Motivation of the Experiment
The main objective of the experiment is to optimize the production of customized metal medical devices while considering the combined use of additive and subtractive manufacturing. This hybrid technique, often referred to as Sint & Mill (S&M), consists in creating a semi-finished product with a 3D printer and subsequently applying precision CNC milling for surface finishing. This process is known to reduce milling time up to 50% if compared to classical milling, greatly reducing material consumption, production time, and machine life-time. Despite being superior to classical manufacturing techniques, hybrid manufacturing still relies on suboptimal processing pipelines and, due to the high cost of the materials and equipment involved, it offers room for a further significant reduction of fabrication times and production costs.
The end-user PREMET operates in a Manufacturing-as-a-Service (MaaS) context, mainly producing personalized products designed by customers such as, e.g., dental technicians. At PREMET, the duration and cost of the manufacturing process depends on the size, orientation and number of the products on the build platform. These parameters have a high influence on the production cost of a given product. A product may cost from two to five times less if it is fabricated on the same platform together with other products, when compared to the cost it would have if produced alone on ist own building platform.
Purpose of the Experiment
Within ProMED, we plan (1) to support the end-user in the difficult task of formalizing the vague concept of "optimum" related to a Sint & Mill production, and (2) to develop a cloud-based decision support system which is able to simulate the behaviour of the production facility, predict how long it would take to perform a fabrication, support the end-user in the determination of the production costs, and calculate optimal parameter settings. The decision support system should help deciding how to best orient a part on the platform, based on parameters such as production time,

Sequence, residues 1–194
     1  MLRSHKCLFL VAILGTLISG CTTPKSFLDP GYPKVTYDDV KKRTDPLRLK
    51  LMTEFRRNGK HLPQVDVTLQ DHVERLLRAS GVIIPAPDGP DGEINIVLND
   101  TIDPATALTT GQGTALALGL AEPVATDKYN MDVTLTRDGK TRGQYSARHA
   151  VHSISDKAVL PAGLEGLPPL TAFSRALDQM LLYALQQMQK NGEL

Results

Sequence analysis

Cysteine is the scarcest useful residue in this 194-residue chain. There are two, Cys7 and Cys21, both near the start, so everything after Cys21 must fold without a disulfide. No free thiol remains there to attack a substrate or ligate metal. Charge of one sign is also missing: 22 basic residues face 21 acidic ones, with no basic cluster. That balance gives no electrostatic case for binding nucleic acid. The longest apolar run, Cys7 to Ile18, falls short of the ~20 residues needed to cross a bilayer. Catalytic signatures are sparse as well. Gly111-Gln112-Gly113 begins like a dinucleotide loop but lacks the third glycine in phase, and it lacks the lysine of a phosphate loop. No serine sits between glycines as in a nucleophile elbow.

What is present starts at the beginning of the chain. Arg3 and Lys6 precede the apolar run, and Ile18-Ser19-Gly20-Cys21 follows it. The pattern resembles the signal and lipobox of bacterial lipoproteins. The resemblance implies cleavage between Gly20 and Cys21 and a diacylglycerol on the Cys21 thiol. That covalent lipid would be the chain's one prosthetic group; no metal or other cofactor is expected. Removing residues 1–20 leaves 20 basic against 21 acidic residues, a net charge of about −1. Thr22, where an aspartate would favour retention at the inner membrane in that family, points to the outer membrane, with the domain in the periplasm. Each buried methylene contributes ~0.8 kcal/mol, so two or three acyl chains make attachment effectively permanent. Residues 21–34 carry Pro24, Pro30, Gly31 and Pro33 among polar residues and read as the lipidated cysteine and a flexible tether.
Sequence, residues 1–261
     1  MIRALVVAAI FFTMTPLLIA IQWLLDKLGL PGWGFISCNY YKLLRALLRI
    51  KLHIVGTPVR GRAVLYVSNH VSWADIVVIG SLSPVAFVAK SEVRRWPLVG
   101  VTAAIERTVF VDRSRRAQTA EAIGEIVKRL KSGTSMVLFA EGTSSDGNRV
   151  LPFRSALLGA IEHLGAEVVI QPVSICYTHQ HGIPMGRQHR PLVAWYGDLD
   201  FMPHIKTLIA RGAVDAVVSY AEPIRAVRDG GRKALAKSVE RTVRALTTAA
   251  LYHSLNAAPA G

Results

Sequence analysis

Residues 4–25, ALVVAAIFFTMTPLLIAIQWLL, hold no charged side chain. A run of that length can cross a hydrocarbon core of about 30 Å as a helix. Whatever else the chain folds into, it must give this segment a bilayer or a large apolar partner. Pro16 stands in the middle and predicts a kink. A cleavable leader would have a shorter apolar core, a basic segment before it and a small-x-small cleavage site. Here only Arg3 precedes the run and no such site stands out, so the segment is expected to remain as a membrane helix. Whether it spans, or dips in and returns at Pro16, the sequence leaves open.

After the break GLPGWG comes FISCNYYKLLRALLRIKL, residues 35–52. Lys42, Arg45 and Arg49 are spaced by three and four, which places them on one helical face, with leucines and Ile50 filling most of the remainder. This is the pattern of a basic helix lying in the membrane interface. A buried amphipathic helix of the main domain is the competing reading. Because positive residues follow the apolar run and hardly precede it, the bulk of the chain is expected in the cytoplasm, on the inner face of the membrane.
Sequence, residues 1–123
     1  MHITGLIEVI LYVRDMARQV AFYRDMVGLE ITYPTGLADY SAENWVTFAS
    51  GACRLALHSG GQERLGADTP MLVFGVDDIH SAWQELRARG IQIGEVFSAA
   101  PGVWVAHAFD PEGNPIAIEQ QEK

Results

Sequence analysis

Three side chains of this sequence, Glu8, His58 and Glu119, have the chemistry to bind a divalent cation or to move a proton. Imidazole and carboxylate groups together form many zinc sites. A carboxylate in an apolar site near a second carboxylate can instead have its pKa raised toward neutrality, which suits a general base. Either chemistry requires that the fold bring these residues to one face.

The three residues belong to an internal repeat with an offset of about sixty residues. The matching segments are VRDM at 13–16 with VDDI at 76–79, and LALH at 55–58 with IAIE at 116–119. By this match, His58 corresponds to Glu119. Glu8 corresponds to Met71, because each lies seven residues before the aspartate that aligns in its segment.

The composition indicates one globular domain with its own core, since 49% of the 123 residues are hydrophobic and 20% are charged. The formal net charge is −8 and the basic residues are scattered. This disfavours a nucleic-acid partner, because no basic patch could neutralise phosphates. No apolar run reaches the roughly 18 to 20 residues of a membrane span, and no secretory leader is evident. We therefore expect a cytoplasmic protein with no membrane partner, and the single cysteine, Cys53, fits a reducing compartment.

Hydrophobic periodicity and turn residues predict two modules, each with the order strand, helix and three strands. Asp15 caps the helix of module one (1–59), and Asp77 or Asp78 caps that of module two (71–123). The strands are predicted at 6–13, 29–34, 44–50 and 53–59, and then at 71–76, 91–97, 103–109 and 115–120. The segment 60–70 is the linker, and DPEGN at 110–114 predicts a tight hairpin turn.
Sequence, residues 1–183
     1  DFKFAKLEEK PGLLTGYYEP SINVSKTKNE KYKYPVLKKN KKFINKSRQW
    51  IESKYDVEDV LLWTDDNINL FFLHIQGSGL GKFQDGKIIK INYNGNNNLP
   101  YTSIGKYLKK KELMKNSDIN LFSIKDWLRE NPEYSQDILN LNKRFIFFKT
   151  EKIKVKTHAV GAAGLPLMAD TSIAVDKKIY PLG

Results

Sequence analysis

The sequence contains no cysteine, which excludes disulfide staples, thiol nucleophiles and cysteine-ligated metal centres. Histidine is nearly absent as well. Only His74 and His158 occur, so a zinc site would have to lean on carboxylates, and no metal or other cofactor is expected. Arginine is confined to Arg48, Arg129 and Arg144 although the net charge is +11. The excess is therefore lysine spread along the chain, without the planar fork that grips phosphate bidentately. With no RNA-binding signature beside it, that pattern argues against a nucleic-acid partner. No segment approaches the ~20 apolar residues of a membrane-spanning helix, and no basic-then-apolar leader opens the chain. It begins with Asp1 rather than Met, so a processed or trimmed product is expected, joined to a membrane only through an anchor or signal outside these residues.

surface quality, need for human labour, possibility to pack more products on the same building platform, etc. Ideally, the system should make the user aware of how the orientation correlates with the aforementioned parameters.
The system will take the form of a cloud-based service accessible through a standard web browser which provides a dedicated user interface.
Products for implantology must be made of titanium, with high precision and smooth surface quality at given points and surfaces of the product. “Traditional” products are frames like crowns and bridges that at present are produced by molding and CNC milling; however, these are expensive and frequently face quality related problems.
Thanks to ProMED, production will benefit from an optimal parameter setting driven by the decision support system that we plan to deploy, so that the same products can be fabricated more efficiently, at a lower cost, and with a higher quality. Results of the experiment will be adaptable to any kind of AM enterprise, and not only for dental and medical ones. Algorithms and models can be incredibly useful,for any company looking to make 3D printing-based manufacturing economically viable.,The experiment allows testing geometric algorithms on the cloud, and makes it possible to assess their actual usability when integration with third-party commercial tools is required.
Expected Economic Impact
Using a traditional approach to fabricate dental implants leads to expensive products. Furthermore, these products frequently face quality related problems that represent an additional obstacle when trying to enter a market where competition is particularly tough.
According to the 2017 report of Wohlers the dental and medical sectors account for 11% of the whole 3D printing market. According to the estimation of Allied Market Research the market size of dental and medical 3D printing will reach 3692 million USD by 2026, with an average yearly increase of about 18.2% in the period 2019-2026.
The process optimization envisioned by ProMED leads to production time reduction, cost saving, quality improvement and, indirectly, increase of competitiveness, profitability and job creation. For this kind of production it is difficult to quantify the benefits, however we estimate a 10-20% increase in cost savings and engineering hours, and about 3-5% in quality improvements (decrease in the number of products with defects). Optimisation might also decrease raw material consumption.